But success won’t come just by driving down costs. I agree with Professor Elliott that the three pillars of authenticity, safety and quality, always traditional strengths of Northern Irish agriculture, are more important than ever, and need to be at the heart of any strategy to grow the sector here.

Maintaining a strong focus on, and reputation for, food safety is more important than ever. In the new world of the food supply chain I have outlined, we can’t afford to have anything but the highest standards, and when you have a strong focus on growing export trade, the need for overseas markets to have confidence in the products that they’re importing assumes even greater importance.

So we’re all going to have to work very hard to weed out any rogue elements which can risk the reputation of the food industry we work in. So we can restore trust in food we are going to be taking a forensic examination of our supply chains everywhere we source from – I am sure we will find things we don’t like, but where we find that, we will act immediately to put it right.

Our aim is a supply chain which is transparent – not just so that we can have open dialogue and true partnership with you, but so our customers can have complete visibility of where their food has come from, and how it has been produced.

This approach of ensuring we have great local presence and knowledge in our markets, as we do in Northern Ireland - so we can support our suppliers and offer our customers many local products - is also key to how we manage a global supply chain in which there is increasing competition for resources.

Arguably, one of the great achievements of the supermarkets is making good produce from around the world accessible to the everyday shopper, enabling a balanced and diverse diet, and that’s something we at Tesco are proud of.  But the challenges of global supply chains have never been greater than they are today. And I think that’s why the launch of this Institute today is so timely. It is a huge issue but one which doesn’t get much attention, I suspect because most consumers, and the media, take the supply chain for food which appears on the shelves of their store for granted.

The background to these issues is macroeconomic. The global population is growing, and an increasingly affluent middle class, have a great expectation of a protein rich diet as standard. So the competition for the food which is being produced around the world is growing. Collectively as a food industry we need to become more efficient and less wasteful to enable us to meet this growing need. Tesco is determined to ensure we continue to be able to offer the best products to customers wherever we trade.

But this has become much harder. Take fruit from South Africa for instance. There was a time when as a retailer from a wealthy country like the UK, there was no issue with getting first pick over the highest quality fruit.

Now times have changed. There is demand from growing regions, like the Middle East and Asia, creating competition for this product. Some of these rivals are not interested in the things we are - in addition to quality, not quite interested in labour standards on farms.

So we find ourselves in an unfamiliar situation, and what we’ve discovered is that the traditional supply chain is hopelessly out of date when it comes to dealing with this new world order. If we’re going to maintain security of supply, and meet our customers’ expectations, we need to do things differently.

So how do we deal with this? Well what we’ve found works is cutting out the middleman, and directly managing the relationships for ourselves. We have got very exacting standards at Tesco, and many of these are very important, but at the same time we also realise there is a bit too much bureaucracy. We want to be a customer of choice for our suppliers – not just a company people do business with because we’re big, and part of that is reducing unnecessary demands and focusing on what matters.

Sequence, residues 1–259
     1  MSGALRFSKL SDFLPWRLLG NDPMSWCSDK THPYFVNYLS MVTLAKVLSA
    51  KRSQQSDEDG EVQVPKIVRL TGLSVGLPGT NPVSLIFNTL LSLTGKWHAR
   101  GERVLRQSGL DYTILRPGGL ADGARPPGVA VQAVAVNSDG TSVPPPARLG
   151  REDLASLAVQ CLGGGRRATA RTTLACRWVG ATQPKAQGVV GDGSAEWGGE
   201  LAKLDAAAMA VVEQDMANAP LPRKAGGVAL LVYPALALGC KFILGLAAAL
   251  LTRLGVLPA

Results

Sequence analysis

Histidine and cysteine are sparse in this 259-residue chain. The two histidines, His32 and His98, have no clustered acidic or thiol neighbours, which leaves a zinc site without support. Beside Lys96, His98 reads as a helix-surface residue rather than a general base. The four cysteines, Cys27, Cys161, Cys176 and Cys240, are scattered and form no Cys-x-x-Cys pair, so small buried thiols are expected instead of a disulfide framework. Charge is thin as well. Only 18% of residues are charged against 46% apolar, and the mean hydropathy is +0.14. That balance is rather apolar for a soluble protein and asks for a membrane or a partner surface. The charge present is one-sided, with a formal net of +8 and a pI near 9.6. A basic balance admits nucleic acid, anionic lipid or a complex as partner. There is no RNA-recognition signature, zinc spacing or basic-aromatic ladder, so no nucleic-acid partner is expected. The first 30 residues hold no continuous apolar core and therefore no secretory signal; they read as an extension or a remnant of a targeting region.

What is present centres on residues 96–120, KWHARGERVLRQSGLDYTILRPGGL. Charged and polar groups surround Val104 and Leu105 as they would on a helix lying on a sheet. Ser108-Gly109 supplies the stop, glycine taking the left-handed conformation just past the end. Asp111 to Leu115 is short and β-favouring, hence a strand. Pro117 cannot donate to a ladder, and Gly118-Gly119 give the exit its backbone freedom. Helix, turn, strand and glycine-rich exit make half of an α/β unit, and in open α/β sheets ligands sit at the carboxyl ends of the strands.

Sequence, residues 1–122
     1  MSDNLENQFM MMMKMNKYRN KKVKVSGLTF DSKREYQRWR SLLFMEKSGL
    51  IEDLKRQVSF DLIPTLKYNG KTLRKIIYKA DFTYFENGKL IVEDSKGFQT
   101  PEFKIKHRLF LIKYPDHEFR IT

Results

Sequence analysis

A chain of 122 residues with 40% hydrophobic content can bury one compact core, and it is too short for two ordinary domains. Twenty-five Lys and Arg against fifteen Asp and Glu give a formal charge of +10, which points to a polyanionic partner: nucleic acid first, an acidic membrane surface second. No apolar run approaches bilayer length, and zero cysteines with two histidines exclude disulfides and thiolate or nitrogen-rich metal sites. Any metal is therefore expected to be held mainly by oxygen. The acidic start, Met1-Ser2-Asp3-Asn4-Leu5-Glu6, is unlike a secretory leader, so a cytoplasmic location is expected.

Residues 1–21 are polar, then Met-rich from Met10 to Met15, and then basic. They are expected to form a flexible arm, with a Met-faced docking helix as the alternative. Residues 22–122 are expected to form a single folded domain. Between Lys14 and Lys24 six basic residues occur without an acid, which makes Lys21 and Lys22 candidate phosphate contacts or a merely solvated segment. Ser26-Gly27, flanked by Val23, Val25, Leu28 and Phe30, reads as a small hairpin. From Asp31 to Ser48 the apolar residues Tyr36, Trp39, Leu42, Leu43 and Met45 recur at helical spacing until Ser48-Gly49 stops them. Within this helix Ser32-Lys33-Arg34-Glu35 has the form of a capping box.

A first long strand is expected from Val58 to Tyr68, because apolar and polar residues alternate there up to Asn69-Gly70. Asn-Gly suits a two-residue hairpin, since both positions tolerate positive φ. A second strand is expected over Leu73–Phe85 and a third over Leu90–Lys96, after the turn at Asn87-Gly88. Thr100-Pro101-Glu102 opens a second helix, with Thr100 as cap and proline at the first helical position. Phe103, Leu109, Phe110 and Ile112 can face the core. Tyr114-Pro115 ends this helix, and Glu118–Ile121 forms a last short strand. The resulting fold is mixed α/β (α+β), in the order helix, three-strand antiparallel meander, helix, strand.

We have put in place sourcing hubs across in many of the countries in which we operate, both in food, GM and clothing, putting in place the infrastructure to help suppliers to be as efficient and productive as possible. We have put experts on the ground to help suppliers navigate the technical and ethical challenges they face, to share good practice and to give us confidence good standards can be met. 

I’ll say it again, a supply chain with a lot of middlemen is inefficient. Best practice and efficiencies leak from it. By moving away from a transactional relationship to a direct relationship with the supplier, it helps us get much more visibility of the supply chain. This has two benefits. First it means we can see where there are opportunities to simplify the supply chain and create efficiencies Secondly, we can see that things are being done the right way, to ethical standards Tesco can be confident in.

Ultimately if we can help our suppliers be more productive, they will be more profitable, and they will make an active choice to continue supplying Tesco. We can offer longer contracts to give more certainty, supply chain finance, and access to other Tesco markets such as Asia.

But all this needs us to change and we are changing in many ways. One of the most visible signs of change is the appointment of a new Agriculture Director to be a voice for farmers at the highest level within Tesco, and our existing Tesco Sustainable Farming Groups, which have proved successful in giving pork and beef farmers more certainty, will be extended to other sectors.

These have been difficult months for the food industry. But I have always taken the view that you should never waste a crisis, and you should see the renewed vigour we are putting in to building meaningful partnership with suppliers and into sourcing from the UK as an opportunity for us and particularly people here in Northern Ireland.

Those three pillars of safety, quality and authenticity which this Institute is so focused on have always been vital to grow a position in the food supply chain. But as I stand here today, they will be more important than ever. Everyone here has a part to play, and so does this institute, and I wish it every success and will follow its development with interest.

The food supply chain – the principle focus of my speech today – is the direct link between the farmers, retailers and customers.  We must now re-forge this link so that it binds together the rights and interests of all parties.  And the key concept you see is partnership – between the retailer and the farmer, on behalf of customers.  That is of paramount interest, for without the trust of customers, there can be no sustainable business. I think we are at a moment of truth.  We’ve all got a part to play, and so does this Institute.  I wish it every success.

Thank you very much for listening.